Pete
 

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Discussion Starter · #8 ·
I Did check the voltage of the air fuel ratio sensor up in the exhaust manifold. I mistakenly thought that was an oxygen sensor at first, but everything i read says that the first one is now referred to as the a/f ratio sensor and the downstream one is an oxygen sensor. I have yet to check the downstream one. I have no check engine lights either. Trying not to throw parts at the car. I need to do the voltage test on the oxygen sensor. I'm just getting a little tired of climbing under this thing.
 

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Discussion Starter · #9 ·
Update: up to 19.9 mpg city now. Going to replace the rear catalytic converter and check the rear oxygen sensor this weekend.
 

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I have the manuals JuneBug made available, but you noodled it out well without 'em.
Thanks for the pictures!

The only thing I can add is the recommendation by Toyota to replace the pads on the tank.
.
 

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Discussion Starter · #11 ·
So I decided to make a test pipe out of the rear catalytic converter and see how the rav4 runs before taking the plunge and spending money on a replacement. Just as i suspected, the rear cat was clogged. I could barely see a light being shined through it. When i ran it as a test pipe, there were noticeable performance increases through out the entire rev band. Time to swap in a new one i guess. I thought the rav4 felt pretty strong during acceleration before, but now it feels a lot stronger. I'm going to check the mileage on this tank and see if there is hopefully an improvement.

Unrelated question: i have seen the tech stream cable on eBay. Is that where everyone is buying it? Is there a diagnostic function that allows you to see what temp the coolant sensor is indicating or voltages from the oxygen sensor while the engine is running?
 

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So I decided to make a test pipe out of the rear catalytic converter and see how the rav4 runs before taking the plunge and spending money on a replacement. Just as i suspected, the rear cat was clogged. I could barely see a light being shined through it. When i ran it as a test pipe, there were noticeable performance increases through out the entire rev band. Time to swap in a new one i guess. I thought the rav4 felt pretty strong during acceleration before, but now it feels a lot stronger. I'm going to check the mileage on this tank and see if there is hopefully an improvement.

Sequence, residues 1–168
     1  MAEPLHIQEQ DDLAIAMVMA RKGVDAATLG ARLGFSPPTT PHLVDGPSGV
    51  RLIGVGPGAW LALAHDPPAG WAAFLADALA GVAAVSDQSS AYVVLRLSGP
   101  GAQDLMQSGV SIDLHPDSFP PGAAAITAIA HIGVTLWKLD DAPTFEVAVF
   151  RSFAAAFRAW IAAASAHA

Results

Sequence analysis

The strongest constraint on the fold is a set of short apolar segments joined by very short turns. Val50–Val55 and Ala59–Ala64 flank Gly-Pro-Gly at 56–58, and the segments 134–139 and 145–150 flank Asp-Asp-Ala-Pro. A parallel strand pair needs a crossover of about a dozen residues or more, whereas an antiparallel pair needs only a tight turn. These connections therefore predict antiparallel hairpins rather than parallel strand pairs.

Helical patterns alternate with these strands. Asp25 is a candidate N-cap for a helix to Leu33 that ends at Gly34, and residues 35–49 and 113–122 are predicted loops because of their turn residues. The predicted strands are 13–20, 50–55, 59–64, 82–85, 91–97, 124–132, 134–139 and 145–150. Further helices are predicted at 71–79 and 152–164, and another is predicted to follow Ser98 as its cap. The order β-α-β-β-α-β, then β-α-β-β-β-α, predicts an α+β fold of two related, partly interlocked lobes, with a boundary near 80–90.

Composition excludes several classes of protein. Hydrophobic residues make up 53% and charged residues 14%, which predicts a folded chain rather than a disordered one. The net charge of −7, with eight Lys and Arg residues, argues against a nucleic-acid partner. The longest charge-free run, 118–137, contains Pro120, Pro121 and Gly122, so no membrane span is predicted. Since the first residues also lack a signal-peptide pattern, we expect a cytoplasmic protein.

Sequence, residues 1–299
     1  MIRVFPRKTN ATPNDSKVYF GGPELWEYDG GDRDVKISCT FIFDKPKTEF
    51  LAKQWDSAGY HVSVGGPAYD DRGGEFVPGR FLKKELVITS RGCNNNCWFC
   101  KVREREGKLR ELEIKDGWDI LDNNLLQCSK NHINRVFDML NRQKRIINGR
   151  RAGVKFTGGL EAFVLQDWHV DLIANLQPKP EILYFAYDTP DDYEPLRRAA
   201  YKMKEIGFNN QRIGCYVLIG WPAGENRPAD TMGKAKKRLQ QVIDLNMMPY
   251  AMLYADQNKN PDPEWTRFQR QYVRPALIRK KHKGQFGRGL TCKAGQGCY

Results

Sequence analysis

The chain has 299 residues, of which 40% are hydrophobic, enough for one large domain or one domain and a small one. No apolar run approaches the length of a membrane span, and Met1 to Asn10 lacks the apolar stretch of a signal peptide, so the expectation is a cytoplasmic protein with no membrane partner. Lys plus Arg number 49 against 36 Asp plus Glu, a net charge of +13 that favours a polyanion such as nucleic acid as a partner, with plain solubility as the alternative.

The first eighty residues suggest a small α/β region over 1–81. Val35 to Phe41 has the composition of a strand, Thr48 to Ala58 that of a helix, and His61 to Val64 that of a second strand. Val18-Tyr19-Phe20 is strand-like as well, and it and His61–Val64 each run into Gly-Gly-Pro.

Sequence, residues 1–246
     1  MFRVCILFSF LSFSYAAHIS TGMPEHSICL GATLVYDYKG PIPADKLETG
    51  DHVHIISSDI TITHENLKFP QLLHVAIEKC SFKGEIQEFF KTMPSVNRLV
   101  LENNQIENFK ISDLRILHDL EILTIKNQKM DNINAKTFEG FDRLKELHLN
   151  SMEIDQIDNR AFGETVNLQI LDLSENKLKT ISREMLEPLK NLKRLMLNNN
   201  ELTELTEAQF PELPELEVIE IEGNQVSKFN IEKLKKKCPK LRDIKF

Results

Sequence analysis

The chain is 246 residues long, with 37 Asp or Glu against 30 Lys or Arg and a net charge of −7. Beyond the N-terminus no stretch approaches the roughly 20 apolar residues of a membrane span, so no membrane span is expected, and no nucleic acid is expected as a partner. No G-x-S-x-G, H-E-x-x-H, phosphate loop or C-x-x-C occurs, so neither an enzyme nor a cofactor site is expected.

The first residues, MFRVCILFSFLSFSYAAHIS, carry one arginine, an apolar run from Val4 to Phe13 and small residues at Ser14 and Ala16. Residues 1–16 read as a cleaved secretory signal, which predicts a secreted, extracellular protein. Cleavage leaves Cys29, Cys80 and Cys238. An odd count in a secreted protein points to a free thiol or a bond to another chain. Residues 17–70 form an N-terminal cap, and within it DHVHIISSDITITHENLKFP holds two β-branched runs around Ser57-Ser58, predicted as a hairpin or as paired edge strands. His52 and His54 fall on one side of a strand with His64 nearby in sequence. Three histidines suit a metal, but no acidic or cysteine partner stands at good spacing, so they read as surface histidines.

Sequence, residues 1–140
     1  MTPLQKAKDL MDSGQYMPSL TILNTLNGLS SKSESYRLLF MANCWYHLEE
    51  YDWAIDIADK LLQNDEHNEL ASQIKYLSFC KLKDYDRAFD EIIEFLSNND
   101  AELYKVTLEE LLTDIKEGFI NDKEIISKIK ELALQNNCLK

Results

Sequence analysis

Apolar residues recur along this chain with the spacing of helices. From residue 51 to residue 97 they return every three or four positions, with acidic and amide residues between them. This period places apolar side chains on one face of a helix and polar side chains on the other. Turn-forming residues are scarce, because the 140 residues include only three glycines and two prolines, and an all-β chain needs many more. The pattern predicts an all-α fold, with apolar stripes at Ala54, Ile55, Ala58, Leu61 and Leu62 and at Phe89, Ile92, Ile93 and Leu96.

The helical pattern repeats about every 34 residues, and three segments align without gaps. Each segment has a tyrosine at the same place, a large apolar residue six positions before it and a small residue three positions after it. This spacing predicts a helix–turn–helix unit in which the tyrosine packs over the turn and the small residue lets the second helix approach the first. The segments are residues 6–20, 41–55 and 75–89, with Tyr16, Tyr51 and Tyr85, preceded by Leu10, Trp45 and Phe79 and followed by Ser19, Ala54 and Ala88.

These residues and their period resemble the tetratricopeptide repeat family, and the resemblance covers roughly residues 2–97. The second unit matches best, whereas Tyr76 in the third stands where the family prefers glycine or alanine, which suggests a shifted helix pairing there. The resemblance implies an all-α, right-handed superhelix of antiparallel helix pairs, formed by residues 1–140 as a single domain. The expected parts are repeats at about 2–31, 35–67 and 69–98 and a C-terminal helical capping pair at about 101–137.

Unrelated question: i have seen the tech stream cable on eBay. Is that where everyone is buying it? Is there a diagnostic function that allows you to see what temp the coolant sensor is indicating or voltages from the oxygen sensor while the engine is running?
Wow, I never thought of checking this out. So have you fixed it properly yet? If you have, has it maintained the positive results???

To answer your questions, Yes and Yes. If you've never used one, you'll be blown away by all the different stats you can read. even the temp of both that catalytic converters!

Also, to comment on something you said earlier about the A/F sensor and the O2 sensor, you're right. The first one is an Air/Fuel sensor and this one is the sensor that the ECM uses to adjust the A/F ratio when in closed loop. The second one is located after the (1st) catalytic converter and is a less accurate oxygen sensor. The ECM uses this purely to check that the cat is functioning properly. It is not used for any other purpose.

Also, gotta say a BIG Thanks for the great photos of the fuel filter changeout. I've been wanting to do it for a while and your experience has motivated me to go ahead, so Cheers!:wink
 

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Discussion Starter · #13 ·
I just found this thread again. I guess I didn't click the email notifications for replies. Sorry for the slow reply.


The cat removal didn't really affect the mileage. It remained crappy at 16-17.7 city driving until it got to around 93F in the summer. Then it jumped to 19.9 mpg on its own. I do notice a much increased exhaust smell. I had my doubts about the rear vents being stuck open, but now I know they are. I ordered the Tech stream cable, set it down and went to use it the follow weekend and it grew legs. I can't find the darned thing. I need to hook it up and run some diagnostics. I read another thread about the charcoal canister causing poor mileage. I am going to research it and maybe take apart the old one and see how it is put together. Maybe I can see a way to repair it rather than buy a new one for $600.
 

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Love this! Got a 2006 also so I'm dropping a comment to get any later feedback you may end up leaving! I'm currently between 21 and 24 mpg. Depending on if the wife or i drive 😏